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Twitter exchange with Elon Musk lands a British man a job at Tesla

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Elon Musk, chairman and CEO of Tesla, addresses a press conference in Beijing on October 23, 2015.

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Tesla has hired a British man behind a viral tweet that caught the attention of Elon Musk last month.

Adam Koszary, who engineered a viral Twitter exchange between Musk and an English museum, will begin a new role as Tesla’s social media manager in July.

Back in April, Koszary, the digital lead for the Museum of English Rural Life (MERL), tweeted a photo of a ram with the caption: “Look at this absolute unit.”

The picture has been liked more than 100,000 times to date – and its popularity really took off when Elon Musk used the image as his own profile picture on Twitter.

“I’m an absolute unit too,” he said in a tweet, temporarily changing his Twitter bio to “absolute unit.”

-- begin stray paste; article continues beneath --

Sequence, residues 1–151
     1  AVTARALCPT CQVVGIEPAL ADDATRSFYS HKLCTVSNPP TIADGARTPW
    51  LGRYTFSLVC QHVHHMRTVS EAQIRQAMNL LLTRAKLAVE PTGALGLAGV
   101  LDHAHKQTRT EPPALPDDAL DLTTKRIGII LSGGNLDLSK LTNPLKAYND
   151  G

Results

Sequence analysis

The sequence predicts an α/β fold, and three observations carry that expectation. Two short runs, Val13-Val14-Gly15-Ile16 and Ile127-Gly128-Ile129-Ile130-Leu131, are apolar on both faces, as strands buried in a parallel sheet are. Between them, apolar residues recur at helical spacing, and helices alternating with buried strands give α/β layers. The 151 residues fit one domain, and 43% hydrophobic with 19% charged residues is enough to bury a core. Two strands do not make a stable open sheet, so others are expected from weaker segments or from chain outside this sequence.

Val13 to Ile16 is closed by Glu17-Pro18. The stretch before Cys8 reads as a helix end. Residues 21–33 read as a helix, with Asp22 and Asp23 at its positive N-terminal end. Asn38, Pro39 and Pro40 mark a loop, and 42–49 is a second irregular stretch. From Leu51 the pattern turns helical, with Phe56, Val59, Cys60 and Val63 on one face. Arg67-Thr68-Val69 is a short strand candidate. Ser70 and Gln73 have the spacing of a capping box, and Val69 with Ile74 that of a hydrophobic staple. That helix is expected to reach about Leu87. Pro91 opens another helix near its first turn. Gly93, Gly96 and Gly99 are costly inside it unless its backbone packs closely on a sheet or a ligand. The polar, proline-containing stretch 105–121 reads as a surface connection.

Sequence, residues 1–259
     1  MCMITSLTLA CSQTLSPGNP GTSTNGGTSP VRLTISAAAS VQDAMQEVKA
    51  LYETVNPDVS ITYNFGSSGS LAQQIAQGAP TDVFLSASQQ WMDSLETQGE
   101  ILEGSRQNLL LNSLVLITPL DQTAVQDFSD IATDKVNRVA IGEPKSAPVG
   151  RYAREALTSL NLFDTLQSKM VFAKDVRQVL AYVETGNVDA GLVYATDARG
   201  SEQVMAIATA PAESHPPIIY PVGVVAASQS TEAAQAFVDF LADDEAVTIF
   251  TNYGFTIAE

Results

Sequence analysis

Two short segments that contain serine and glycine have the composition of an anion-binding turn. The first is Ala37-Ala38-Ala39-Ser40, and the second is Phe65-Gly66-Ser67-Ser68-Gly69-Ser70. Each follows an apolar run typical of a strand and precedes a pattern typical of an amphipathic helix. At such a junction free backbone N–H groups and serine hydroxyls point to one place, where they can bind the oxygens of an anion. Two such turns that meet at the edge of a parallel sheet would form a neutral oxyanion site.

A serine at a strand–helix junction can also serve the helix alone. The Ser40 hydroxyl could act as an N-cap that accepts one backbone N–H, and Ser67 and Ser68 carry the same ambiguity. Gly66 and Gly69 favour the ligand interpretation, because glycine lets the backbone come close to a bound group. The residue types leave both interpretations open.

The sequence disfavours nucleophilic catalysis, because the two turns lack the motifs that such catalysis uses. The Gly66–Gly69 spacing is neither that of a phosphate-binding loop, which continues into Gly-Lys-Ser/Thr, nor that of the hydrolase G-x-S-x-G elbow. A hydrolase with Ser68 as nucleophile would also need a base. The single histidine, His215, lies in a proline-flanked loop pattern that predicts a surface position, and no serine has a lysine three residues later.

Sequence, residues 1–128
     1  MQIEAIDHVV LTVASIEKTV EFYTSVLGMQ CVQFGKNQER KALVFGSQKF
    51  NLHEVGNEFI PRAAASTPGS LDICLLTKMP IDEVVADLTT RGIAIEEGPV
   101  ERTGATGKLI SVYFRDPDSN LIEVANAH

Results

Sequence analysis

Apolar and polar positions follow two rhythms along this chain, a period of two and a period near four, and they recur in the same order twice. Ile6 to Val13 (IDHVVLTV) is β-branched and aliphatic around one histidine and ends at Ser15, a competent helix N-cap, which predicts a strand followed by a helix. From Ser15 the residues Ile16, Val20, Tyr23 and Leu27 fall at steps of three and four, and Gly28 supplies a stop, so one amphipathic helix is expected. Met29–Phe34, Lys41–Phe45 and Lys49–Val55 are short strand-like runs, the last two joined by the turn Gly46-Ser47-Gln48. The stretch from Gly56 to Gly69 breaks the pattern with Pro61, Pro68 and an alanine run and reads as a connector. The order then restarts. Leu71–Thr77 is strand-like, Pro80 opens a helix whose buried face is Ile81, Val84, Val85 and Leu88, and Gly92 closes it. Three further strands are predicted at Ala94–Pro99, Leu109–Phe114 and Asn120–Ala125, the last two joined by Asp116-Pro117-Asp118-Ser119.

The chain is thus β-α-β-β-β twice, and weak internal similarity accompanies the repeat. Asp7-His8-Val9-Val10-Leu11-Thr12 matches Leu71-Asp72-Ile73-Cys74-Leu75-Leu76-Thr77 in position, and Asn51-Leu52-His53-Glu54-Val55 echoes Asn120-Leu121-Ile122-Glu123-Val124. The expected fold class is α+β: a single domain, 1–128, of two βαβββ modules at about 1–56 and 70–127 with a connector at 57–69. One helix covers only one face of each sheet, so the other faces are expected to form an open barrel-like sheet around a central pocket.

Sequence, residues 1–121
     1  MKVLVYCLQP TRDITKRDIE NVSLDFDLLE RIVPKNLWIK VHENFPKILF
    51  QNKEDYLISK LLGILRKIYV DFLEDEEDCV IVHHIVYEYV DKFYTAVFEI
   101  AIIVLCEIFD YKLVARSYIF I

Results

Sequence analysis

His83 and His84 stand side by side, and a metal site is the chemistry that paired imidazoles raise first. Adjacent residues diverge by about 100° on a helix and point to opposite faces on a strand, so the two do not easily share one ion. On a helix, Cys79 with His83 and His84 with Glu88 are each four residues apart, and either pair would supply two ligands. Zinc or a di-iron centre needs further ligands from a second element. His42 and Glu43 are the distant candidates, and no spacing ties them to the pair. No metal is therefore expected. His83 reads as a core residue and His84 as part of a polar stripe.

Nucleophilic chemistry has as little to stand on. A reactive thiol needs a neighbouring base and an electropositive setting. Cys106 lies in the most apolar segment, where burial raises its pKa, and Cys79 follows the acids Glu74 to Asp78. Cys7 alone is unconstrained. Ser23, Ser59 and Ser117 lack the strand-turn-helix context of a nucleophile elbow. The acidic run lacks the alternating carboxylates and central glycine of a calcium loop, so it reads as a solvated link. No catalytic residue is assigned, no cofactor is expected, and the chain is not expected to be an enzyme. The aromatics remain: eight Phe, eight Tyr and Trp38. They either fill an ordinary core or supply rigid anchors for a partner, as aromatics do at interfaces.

In response, the MERL switched its own picture for one of Elon Musk, sparking an ongoing exchange between the two accounts.

Koszary, who had been due to start a new job at the U.K.’s Royal Academy of Arts (RAA), announced on Twitter on Tuesday that he had instead accepted a role with Tesla.

“I’m no longer moving to the Royal Academy. Instead, I’ll be Tesla’s Social Media Manager from July,” he said.

The RAA said in a tweet on Tuesday that it was “very sad that the lovely and talented Adam now won’t be joining us, but know he’ll do a great job at Tesla.”

A spokesperson for Tesla was not immediately available for comment when contacted by CNBC.



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People in these cities earn world’s highest salaries, research says

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San Francisco, California

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Average salaries in San Francisco have risen by 31% since 2018, with the city taking the crown for the highest-paying city in the world this year, according to Deutsche Bank research.

In 2019, people in San Francisco can expect to be paid an average of $6,526 per month — that’s 142% more than the average New Yorker’s income.